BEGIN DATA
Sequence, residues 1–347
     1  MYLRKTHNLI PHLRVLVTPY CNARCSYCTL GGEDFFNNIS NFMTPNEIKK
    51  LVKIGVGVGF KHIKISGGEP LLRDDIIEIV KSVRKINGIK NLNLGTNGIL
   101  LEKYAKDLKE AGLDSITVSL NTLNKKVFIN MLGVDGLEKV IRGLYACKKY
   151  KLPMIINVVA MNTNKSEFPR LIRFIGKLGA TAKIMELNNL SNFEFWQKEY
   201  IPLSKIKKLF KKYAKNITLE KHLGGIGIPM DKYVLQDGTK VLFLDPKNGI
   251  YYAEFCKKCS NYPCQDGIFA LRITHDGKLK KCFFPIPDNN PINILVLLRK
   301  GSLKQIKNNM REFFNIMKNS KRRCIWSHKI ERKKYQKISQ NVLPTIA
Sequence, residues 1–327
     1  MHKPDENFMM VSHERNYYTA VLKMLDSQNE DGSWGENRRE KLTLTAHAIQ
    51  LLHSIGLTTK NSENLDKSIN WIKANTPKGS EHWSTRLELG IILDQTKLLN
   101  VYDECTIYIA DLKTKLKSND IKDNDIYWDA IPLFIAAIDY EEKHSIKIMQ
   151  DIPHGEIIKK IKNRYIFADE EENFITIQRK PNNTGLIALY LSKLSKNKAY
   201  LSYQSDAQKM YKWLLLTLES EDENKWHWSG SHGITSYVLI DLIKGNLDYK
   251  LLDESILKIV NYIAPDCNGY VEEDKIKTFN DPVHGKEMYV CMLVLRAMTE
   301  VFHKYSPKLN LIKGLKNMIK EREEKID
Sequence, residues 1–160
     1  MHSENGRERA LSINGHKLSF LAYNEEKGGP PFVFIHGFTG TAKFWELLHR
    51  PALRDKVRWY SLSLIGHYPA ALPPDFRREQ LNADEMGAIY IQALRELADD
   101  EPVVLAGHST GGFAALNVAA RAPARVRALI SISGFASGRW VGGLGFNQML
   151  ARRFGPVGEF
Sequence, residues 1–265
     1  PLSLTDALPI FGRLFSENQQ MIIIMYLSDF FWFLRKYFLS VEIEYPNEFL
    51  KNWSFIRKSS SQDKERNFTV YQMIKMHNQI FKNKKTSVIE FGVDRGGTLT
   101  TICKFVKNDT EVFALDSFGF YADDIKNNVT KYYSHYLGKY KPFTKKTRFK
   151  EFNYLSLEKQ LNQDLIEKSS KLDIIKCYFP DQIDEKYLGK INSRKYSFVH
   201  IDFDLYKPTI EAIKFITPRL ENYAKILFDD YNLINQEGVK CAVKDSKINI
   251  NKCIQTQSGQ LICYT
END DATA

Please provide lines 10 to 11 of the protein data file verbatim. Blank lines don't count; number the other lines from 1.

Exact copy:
     1  MHKPDENFMM VSHERNYYTA VLKMLDSQNE DGSWGENRRE KLTLTAHAIQ
    51  LLHSIGLTTK NSENLDKSIN WIKANTPKGS EHWSTRLELG IILDQTKLLN